Issues for the FutureWe have only begun. Implementing our new approach will require difficult adjustments, for ourselves and for our partners. Together we must respect and protect the independence of all members; provide for the peaceful resolution of disputes; make a better life for our peoples and embrace our diversity in a framework of partnership.
In such an association will the nations of this hemisphere share a stake. There will be unity not so much in common domestic structures as in mutual support for independence and mutual respect for diversity.
Our self-interest requires our creative contributions to the development of such a community, but three sets of problems constrain us:
The need to balance Western Hemisphere interests against other domestic and foreign policy considerations. To reflect this concern in the councils of government, I again urge Congress to establish an office of Under Secretary of State for Western Hemisphere Affairs.
To promote Latin American trade I will soon submit legislation to implement generalized tariff preferences; assure special attention in trade policies for commodities of particular interest to the region; continue to press for elimination or reduction of nontariff barriers, especially those which harm the exports of Latin America and other developing areas.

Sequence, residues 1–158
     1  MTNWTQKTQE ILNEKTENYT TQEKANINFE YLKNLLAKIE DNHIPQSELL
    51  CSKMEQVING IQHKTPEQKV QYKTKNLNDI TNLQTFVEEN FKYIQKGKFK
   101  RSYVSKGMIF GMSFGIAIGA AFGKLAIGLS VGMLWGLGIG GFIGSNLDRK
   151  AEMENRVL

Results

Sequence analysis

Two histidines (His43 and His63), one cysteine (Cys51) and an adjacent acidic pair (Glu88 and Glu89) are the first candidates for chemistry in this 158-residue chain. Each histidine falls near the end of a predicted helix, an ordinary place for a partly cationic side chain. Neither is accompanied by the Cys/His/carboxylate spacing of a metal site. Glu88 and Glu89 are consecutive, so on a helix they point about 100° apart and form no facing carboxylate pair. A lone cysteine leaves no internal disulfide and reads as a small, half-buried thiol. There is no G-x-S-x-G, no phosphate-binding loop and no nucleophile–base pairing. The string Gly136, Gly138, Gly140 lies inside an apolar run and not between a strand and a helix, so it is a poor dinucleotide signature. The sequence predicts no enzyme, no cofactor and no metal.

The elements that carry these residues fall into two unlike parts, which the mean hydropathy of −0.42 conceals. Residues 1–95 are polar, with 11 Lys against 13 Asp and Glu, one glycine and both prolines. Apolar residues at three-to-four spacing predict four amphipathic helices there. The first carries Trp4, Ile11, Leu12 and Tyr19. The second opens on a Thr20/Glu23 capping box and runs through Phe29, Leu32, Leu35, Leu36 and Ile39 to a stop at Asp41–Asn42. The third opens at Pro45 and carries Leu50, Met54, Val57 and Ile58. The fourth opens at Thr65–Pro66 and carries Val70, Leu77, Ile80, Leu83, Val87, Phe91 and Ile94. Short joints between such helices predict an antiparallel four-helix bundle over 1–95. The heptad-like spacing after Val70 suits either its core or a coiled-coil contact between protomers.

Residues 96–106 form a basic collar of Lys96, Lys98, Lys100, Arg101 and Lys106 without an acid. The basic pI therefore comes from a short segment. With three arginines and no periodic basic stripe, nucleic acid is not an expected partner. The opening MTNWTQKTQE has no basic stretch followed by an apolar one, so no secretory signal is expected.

To maintain an equitable share in our new bilateral assistance programs for hemisphere development, I will establish guidelines for the resources to be provided to the region through the new development institutions.
To free the use of bilateral aid we will seek final agreement among industrial countries in 1971 to untie the bulk of development assistance.
The present limitations of inter-American machinery. The United States will seek further reform of inter-American instrumentalities. Two factors limit their current effectiveness-outdated methods and some members' concern that stronger institutions could become devices for U.S. domination. The system will be increasingly tested by the pervasive change and instabilities in the region. Together with our partners we must resist efforts to weaken our regional system. Together we must provide it with financial support, reshape its institutions and participate in a spirit of mutual respect.
The forces of nationalism and extremism. The United States must accommodate diversity and seek to maintain the fabric of hemispheric unity. We cannot afford to withdraw out of frustration or allow ourselves to become isolated. We shall be prepared to negotiate pragmatically to prevent or resolve bilateral disputes. And we shall avoid actions which foster or reinforce anti-U.S. nationalism.
The experience of 1970 confirmed the judgment of October 1969: "Partnership -mutuality- these do not flow naturally. We have to work at them." But the year also signaled that a more balanced relationship is taking root. In a turbulent age the mandate for our hemispheric policy is to act compassionately, to work cooperatively and to strengthen the bonds of a maturing partnership.